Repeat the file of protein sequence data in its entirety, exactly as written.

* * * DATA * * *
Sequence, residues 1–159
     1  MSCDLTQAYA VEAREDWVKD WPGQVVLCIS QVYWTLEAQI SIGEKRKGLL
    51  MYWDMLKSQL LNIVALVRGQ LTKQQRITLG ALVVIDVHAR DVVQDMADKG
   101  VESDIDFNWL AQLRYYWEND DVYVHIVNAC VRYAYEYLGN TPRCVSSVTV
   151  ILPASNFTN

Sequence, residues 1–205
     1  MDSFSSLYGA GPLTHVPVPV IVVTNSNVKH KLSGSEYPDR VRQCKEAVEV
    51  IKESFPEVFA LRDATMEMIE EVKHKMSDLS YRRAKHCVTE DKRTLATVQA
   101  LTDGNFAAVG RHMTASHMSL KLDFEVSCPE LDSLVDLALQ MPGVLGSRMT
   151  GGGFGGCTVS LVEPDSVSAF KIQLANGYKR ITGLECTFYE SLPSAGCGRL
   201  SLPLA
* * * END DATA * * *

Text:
Sequence, residues 1–159
     1  MSCDLTQAYA VEAREDWVKD WPGQVVLCIS QVYWTLEAQI SIGEKRKGLL
    51  MYWDMLKSQL LNIVALVRGQ LTKQQRITLG ALVVIDVHAR DVVQDMADKG
   101  VESDIDFNWL AQLRYYWEND DVYVHIVNAC VRYAYEYLGN TPRCVSSVTV
   151  ILPASNFTN

Sequence, residues 1–205
     1  MDSFSSLYGA GPLTHVPVPV IVVTNSNVKH KLSGSEYPDR VRQCKEAVEV
    51  IKESFPEVFA LRDATMEMIE EVKHKMSDLS YRRAKHCVTE DKRTLATVQA
   101  LTDGNFAAVG RHMTASHMSL KLDFEVSCPE LDSLVDLALQ MPGVLGSRMT
   151  GGGFGGCTVS LVEPDSVSAF KIQLANGYKR ITGLECTFYE SLPSAGCGRL
   201  SLPLA